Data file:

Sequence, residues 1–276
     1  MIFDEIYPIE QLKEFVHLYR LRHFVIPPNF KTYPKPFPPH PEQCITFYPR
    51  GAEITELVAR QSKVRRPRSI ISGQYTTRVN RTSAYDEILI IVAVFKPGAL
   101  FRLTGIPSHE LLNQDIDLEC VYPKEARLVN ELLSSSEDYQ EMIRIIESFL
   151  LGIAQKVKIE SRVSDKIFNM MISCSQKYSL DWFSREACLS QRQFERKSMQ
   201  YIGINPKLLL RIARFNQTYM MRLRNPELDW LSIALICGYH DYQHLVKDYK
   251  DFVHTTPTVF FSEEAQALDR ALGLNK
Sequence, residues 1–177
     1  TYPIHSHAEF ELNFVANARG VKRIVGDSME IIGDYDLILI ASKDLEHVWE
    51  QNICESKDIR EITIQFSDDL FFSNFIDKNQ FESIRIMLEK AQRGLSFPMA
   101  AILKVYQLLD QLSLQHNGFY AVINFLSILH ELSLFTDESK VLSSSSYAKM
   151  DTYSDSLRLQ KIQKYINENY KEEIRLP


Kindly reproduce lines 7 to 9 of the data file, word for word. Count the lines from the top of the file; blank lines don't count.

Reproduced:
   251  DFVHTTPTVF FSEEAQALDR ALGLNK
Sequence, residues 1–177
     1  TYPIHSHAEF ELNFVANARG VKRIVGDSME IIGDYDLILI ASKDLEHVWE